A few months ago, in a large conference room at the Department of Education in Washington, D.C., there was a small celebration of the 50th anniversary of one of the federal government’s most popular and productive social programs. Conceived during President Lyndon Johnson’s epic war on poverty in 1964, the Upward Bound program has since then provided critical support for over 2 million students coming from low-income families throughout the United States.
Partnering with institutions of higher education, Upward Bound provides critical pre-college preparation in math, science, literature, and foreign languages through tutoring, mentoring, work-study programs, and counseling services to kids (and now war veterans) to help them not only get into college but graduate as well.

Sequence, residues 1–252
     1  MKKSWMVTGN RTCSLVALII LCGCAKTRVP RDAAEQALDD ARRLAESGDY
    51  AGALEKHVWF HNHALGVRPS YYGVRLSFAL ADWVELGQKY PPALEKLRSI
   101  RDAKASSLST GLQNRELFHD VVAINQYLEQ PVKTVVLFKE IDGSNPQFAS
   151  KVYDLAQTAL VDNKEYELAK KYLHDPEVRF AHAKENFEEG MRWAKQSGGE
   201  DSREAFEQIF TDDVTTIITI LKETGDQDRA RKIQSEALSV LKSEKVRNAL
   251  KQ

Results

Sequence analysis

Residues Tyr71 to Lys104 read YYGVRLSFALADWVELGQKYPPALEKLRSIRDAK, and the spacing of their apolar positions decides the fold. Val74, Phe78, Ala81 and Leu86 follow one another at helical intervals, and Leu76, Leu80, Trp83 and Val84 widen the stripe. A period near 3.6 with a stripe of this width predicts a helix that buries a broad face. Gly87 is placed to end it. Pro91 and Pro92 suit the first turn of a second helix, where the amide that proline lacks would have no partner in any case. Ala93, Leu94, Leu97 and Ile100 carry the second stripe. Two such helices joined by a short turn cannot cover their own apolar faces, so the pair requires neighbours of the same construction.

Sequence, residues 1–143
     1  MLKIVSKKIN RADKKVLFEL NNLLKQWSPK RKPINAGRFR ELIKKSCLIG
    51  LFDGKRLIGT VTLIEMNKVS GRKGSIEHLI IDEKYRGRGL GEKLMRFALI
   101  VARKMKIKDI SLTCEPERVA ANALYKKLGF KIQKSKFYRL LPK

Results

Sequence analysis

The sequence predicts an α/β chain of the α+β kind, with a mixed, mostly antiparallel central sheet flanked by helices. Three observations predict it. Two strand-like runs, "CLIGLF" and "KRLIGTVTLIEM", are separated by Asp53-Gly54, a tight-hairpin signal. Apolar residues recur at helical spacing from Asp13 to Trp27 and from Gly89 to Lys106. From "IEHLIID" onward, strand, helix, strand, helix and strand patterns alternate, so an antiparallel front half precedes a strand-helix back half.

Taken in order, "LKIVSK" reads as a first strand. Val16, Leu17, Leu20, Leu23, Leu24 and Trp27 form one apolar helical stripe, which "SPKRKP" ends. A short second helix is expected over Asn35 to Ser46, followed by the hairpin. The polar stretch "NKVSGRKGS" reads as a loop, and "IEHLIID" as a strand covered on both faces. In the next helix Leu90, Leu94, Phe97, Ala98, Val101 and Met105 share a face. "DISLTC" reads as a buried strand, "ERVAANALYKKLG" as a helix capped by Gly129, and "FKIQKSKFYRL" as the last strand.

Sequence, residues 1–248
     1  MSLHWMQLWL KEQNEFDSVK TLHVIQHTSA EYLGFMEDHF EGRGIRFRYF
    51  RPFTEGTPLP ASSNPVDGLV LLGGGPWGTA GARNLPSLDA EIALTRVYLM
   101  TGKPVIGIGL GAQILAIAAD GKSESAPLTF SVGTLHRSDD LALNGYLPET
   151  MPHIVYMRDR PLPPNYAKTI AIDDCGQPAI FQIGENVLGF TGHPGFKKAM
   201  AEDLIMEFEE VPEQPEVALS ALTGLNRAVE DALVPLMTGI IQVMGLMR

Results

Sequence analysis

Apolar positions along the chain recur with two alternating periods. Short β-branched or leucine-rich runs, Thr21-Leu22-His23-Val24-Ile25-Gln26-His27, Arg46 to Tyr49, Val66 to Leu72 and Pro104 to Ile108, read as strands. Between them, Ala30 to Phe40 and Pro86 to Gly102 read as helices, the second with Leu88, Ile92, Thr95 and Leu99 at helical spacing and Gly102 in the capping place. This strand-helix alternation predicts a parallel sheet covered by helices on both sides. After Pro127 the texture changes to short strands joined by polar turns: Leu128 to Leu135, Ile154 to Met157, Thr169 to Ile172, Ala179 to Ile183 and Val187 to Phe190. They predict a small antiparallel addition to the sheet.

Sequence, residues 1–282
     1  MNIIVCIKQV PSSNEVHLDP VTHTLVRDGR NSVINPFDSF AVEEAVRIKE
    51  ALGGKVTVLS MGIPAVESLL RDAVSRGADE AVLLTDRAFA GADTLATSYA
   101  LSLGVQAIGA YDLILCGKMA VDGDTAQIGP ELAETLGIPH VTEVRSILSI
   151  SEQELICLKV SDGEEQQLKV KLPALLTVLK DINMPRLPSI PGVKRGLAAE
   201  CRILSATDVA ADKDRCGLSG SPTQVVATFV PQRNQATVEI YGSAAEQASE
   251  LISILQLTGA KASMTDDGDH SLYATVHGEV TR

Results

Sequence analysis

It is also one of the few programs where there remains extraordinary bipartisan support for a federal education program. A rare accomplishment in Washington these days.
Upward Bound was the brainchild of education expert and Eastern Shore weekender Stan Salett. A mid-level appointee brought into the Kennedy and Johnson administrations, Salett was asked to conceptualize a program that would directly involve colleges and universities in reducing long-term poverty through education opportunity. Salett’s memorandum was quickly embraced by Sargent Shriver, LBJ’s War on Poverty director, and the rest, as they say, is history.
The Spy caught up with Stan last week in his kitchen to reminisce about the origins of Upward Bound and the necessity of continuing to give a critical leg up to those who seek an education.
This video is approximately six minutes in length